The man installed by army leaders as Myanmar’s president after Monday’s military coup is best known abroad for his role in the crackdown on 2007 pro-democracy protests and for his ties to still-powerful military leaders.
Myint Swe was the army-appointed vice president when he was named on Monday to take over after the military arrested civilian leader Aung San Suu Kyi and other leaders of her party.
Immediately after he was named president, Myint Swe handed power to the country’s top military commander, Senior Gen. Min Aung Hlaing.
Under Myanmar’s 2008 constitution, the president can hand power to the military commander in cases of emergency. That is one of many ways the military is assured of keeping ultimate control of the country.
Min Aung Hliang, 64, has been commander of the armed forces since 2011 and is due to retire soon. That would clear the way for him to take a civilian leadership role if the junta holds elections in a year’s time as promised. The military-backed Union Solidarity and Development Party’s humiliating loss in last November’s elections would likely have precluded that. The military justified the coup by saying the government failed to address claims of election fraud.
“It seems there’s been the realization that Min Aung Hlaing’s retirement is coming and he expected to move into a senior role,” said Gerard McCarthy, a postdoctoral fellow at the Asia Research Institute. “The fact that the USDP couldn’t deliver that sparked a realization that the system itself isn’t designed to create the outcomes that they expected.”
The U.S. government in 2019 put Min Aung Hlaing on a blacklist on grounds of engaging in “serious human rights abuse” for leading army troops in security operations in Myanmar’s northwestern Rakhine region.
International human rights investigators say the military conducted what amounted to ethnic cleansing operations that prompted some 700,000 members of the Rohingya minority to flee, burning people out of their homes and committing other atrocities. In 2017, Myint Swe led an investigation that denied such allegations, saying the military acted “lawfully.”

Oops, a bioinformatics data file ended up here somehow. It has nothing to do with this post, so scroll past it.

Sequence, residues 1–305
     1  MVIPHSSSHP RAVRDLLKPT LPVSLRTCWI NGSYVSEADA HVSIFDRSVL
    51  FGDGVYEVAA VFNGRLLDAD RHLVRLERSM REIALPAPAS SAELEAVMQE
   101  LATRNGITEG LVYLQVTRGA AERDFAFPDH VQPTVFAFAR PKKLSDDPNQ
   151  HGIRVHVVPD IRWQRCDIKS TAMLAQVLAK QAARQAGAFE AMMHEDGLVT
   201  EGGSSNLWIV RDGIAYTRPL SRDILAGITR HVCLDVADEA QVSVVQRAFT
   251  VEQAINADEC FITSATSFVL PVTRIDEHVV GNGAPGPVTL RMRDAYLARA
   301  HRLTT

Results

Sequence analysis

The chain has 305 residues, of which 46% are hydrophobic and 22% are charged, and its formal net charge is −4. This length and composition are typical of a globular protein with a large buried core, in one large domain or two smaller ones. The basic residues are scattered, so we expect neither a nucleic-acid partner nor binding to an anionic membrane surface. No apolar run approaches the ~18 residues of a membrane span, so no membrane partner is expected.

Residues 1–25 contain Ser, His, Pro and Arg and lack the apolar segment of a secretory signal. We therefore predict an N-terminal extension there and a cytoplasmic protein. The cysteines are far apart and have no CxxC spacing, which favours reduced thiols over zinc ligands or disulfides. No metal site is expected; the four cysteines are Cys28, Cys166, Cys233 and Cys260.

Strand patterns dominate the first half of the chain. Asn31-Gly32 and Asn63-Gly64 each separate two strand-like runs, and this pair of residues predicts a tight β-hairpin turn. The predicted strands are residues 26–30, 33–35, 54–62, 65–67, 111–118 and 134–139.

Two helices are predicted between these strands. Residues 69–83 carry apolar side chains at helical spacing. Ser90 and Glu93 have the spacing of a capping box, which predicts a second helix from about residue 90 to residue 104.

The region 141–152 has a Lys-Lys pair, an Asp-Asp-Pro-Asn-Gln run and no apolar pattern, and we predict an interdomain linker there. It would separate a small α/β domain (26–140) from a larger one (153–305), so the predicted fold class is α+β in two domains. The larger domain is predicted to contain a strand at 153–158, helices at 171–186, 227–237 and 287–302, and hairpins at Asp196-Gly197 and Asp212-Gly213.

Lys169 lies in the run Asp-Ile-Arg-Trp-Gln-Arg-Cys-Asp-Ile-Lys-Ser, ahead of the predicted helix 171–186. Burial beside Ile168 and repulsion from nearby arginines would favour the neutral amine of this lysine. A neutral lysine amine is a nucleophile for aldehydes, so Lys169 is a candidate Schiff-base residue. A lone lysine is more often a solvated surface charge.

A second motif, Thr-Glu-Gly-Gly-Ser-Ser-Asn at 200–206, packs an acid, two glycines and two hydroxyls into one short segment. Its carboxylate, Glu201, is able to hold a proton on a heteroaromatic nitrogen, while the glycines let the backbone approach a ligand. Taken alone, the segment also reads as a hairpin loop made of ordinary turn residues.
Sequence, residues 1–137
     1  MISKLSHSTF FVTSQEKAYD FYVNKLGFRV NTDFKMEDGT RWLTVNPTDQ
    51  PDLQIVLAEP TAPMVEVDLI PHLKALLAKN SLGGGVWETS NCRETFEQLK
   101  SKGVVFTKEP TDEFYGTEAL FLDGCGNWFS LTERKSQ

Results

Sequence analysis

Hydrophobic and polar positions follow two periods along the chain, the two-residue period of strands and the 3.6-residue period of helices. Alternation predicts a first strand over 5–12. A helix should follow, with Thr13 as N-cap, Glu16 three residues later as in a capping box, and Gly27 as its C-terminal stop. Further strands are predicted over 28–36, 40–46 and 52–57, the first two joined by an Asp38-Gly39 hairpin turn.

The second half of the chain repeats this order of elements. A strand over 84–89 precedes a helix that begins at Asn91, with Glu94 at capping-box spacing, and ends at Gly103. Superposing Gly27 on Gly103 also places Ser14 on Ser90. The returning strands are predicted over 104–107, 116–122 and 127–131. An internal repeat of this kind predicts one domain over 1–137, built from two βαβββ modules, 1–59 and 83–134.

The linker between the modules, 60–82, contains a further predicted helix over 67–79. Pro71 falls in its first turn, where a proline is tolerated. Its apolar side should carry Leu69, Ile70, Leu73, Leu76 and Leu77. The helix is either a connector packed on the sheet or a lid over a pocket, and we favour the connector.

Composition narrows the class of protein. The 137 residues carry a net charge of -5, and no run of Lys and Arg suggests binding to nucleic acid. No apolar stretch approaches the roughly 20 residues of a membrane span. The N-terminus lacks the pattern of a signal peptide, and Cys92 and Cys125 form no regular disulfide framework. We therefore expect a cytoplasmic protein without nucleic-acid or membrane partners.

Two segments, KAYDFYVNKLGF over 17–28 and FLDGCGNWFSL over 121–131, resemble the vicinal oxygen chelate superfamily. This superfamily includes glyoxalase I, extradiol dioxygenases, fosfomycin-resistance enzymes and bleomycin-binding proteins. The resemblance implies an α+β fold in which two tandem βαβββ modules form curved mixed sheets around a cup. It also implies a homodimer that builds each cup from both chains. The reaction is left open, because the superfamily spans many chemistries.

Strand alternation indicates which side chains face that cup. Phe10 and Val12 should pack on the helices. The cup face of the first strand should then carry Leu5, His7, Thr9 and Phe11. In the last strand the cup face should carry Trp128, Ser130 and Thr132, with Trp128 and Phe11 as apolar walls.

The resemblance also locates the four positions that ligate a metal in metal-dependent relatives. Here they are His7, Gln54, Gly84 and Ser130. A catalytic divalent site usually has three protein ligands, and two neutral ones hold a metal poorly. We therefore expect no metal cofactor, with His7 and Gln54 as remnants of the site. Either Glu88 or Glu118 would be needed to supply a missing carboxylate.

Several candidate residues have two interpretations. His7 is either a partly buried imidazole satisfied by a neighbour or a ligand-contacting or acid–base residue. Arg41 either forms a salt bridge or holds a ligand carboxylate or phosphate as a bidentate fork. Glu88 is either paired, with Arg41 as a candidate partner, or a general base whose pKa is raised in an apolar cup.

In 2019, the U.S. Treasury Department froze Min Aung Hliang’s U.S.-based assets and banned doing business with him and three other Myanmar military leaders. Earlier, it banned him from visiting the United States. Min Aung Hlaing also was among more than a dozen Myanmar officials removed from Facebook in 2018. His Twitter account also was closed.
Myint Swe, now elevated to president, formerly was among military leaders included in an earlier Treasury Department list of sanctioned Myanmar officials and business figures. That designation was removed in 2016 as the U.S. government sought to support the country’s economic development after nearly a half decade of reforms.
Myint Swe, 69, is a close ally of former junta leader Than Shwe, who stepped down to allow the transition to a quasi-civilian government beginning in 2011.
That transition eventually allowed Myanmar to escape the international sanctions that had isolated the regime for years, hindering foreign investment. It also enabled Myanmar’s leaders to counterbalance Chinese influence with support from other governments. But with the coup, Beijing may well end up with still more sway over the country’s economy.
Myint Swe is a former chief minister of Yangon, Myanmar’s biggest city, and for years headed its regional military command. During the 2007 monk-led popular protests known internationally as the Saffron Revolution, he took charge of restoring order in Yangon after weeks of unrest in a crackdown that killed dozens of people. Hundreds were arrested.
Though he has not had a very high international profile, Myint Swe has played a key role in the military and politics. In 2002, he participated in the arrest of family members of former dictator Ne Win, Myanmar media reports say.
Myint Swe arrested former Gen. Khin Nyunt at Yangon Airport during the 2004 purge of the former prime minister and his supporters. Soon afterward, Myint Swe assumed command of the former military regime’s sprawling military intelligence apparatus.